Although there has been no study to date that has shown a direct mortality benefit from colon cancer screening in IBD with colonoscopy, it is accepted that cancers may be detected earlier and at presumably curable stages. The major gastrointestinal societies (AGA, American College of Gastroenterology, American Society for Gastrointestinal Endoscopy, British Society of Gastroenterology) have put forth guidelines for the recommended starting times and intervals for screening. Because the risk of colonic neoplasia is probably similar in Crohn’s colitis as in UC [33], these guidelines should also apply to patients with Crohn’s colitis for similar extent, duration, and age of onset of disease. In patients who have had pancolitis for eight years (starting at the time of symptoms), screening should begin at 1-2-year intervals. For left-sided disease, current guidelines from most societies recommend starting screening after 15 years of disease. The exact interval of screening in this latter group of patients is not established and the societies recommend in general every 1-2 years. The British Society of Gastroenterology suggests decreasing the yearly interval of surveillance with each decade of disease (they suggest a screening colonoscopy every 3 years in the second decade of disease, every 2 years in the third decade, and every year in the fourth decade [34]). Societies agree that patients with isolated proctitis probably do not have to be screened for colon cancer.

There are several factors that need to be taken into consideration when determining the correct screening interval for your patient. Patients who have had treatment refractory or persistent inflammation throughout their IBD history might be at increased risk for progression to neoplasia [35], and one should consider starting surveillance sooner. Whether or not a patient has a personal or family history of adenomatous polyps or colon cancer should also be factored in to the screening commencement time and interval. If a patient has a concurrent diagnosis of primary sclerosing cholangitis (PSC), it is recommended that colorectal cancer screening start at the time of diagnosis of PSC and be continued at yearly intervals. Patients should ideally be in clinical remission at the time of screening colonoscopy so as to minimize confusion between inflammation and dysplasia on histology.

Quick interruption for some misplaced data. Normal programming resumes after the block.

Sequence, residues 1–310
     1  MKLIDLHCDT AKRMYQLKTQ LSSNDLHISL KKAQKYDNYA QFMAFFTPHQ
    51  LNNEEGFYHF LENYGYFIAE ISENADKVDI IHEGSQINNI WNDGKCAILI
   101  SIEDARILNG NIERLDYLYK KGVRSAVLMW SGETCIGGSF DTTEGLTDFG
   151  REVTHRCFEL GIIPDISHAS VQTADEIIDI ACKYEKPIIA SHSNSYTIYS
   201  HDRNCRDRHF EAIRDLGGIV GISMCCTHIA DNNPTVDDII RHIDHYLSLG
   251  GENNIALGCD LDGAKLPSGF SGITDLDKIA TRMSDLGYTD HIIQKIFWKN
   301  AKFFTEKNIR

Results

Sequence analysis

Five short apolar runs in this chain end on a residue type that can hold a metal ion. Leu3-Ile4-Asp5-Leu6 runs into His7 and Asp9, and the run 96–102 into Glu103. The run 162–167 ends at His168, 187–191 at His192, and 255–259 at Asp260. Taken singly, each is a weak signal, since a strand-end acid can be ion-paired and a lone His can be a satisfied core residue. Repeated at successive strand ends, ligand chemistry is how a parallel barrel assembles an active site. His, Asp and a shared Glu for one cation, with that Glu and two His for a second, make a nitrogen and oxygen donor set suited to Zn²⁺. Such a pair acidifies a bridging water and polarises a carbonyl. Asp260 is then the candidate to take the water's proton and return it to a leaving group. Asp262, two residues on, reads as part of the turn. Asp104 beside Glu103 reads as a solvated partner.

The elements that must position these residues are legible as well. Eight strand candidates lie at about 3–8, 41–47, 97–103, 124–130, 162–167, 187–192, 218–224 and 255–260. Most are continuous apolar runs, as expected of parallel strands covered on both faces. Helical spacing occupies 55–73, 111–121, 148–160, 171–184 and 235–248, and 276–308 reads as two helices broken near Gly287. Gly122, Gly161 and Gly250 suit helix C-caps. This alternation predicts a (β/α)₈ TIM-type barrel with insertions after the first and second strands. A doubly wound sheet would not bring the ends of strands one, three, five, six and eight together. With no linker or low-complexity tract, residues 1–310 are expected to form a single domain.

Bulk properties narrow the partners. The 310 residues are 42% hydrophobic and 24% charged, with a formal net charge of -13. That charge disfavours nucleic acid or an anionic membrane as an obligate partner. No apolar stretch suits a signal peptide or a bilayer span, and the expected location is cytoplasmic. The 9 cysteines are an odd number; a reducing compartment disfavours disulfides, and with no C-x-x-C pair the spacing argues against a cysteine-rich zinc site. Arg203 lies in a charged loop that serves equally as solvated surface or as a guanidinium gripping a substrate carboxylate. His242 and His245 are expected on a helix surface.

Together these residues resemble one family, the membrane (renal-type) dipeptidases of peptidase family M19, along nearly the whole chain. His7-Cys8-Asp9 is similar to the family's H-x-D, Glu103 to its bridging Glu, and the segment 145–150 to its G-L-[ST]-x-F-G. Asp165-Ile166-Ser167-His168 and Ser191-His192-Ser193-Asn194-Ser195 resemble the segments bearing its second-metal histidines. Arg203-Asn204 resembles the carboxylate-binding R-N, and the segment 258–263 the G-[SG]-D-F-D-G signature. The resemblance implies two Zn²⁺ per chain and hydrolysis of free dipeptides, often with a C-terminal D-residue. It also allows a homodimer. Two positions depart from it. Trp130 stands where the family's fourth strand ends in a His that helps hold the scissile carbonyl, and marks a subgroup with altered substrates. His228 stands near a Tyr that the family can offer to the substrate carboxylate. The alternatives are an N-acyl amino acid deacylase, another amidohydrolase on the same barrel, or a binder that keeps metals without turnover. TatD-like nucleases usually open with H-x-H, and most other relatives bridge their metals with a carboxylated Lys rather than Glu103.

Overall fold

Dysplasia in the colon of a patient with IBD can be so called “flat dysplasia” that by white light looks indistinguishable from the surrounding tissue. Therefore, the current standard of care for colon cancer screening in IBD includes random 4 quadrant biopsies. These are carried out at regular 10 cm intervals for at least 33 biopsies to achieve optimal sensitivity. All biopsies from each area should be placed in separate, carefully labeled jars. This screening should only be done in areas known to be involved in the past (i.e., the right colon does not need to be surveyed in left-sided UC). A patient that has flat high-grade dysplasia detected in any one area, or at least two areas of flat low-grade dysplasia should be advised colectomy. If a patient has one area of flat low-grade dysplasia detected upon random sampling (and that is verified by a second gastrointestinal pathologist), then a discussion should follow with the patient with regards to colectomy versus further screening colonoscopies at a reduced interval. Several studies have documented an increased risk for development to neoplasia from low-grade dysplasia, and one study found that 4/17 (23.5%) of resected colon specimens for flat low-grade dysplasia harbored advanced neoplasia [36].

What else should the endoscopist look for during a screening colonoscopy in a patient with IBD? As in a standard screening colonoscopy, careful attention must be placed on all masses, polypoid lesions, and other protruding lesions from the mucosa. As mentioned, strictures need careful attention particularly in UC where a stricture is cancer until proven otherwise. Polyps in noninflamed areas are likely sporadic (Figure 4(a)) and should be treated as in the non-IBD patient. If dysplasia is detected in any protruding lesion in an area of current or previous inflammation, this is referred to as a dysplasia-associated mass or lesion or “DALM.” Presently, this is further classified as an “adenoma-like” DALM or a “non-adenoma-like” DALM. The former lesion is well circumscribed, sessile, or pedunculated, without ulceration or bleeding, and resembles a sporadic adenoma (Figure 4(b)). In contrast, the non-adenoma-like DALM is not well circumscribed, is broad-based and irregular, and is often associated with bleeding or ulceration (Figure 4(c)). On the surveillance colonoscopy, these lesions should be removed in their entirety or biopsied if this is not possible. The area around the base should be biopsied and tattooed. If an adenoma-like DALM is confidently removed and the base is negative for dysplasia, then surveillance may be resumed. It has been shown that adenoma-like lesions arising in the setting of colitis have a benign course [37, 38]. If the area is not completely removed and if there is any evidence of dysplasia at the base or if there is dysplasia detected anywhere else in the colon, then the patient should be advised colectomy. A non-adenoma-like DALM with irregular borders or flat, spreading appearance that is endoscopically unresectable warrants colectomy given the associated high risk of colon cancer [39].

fig4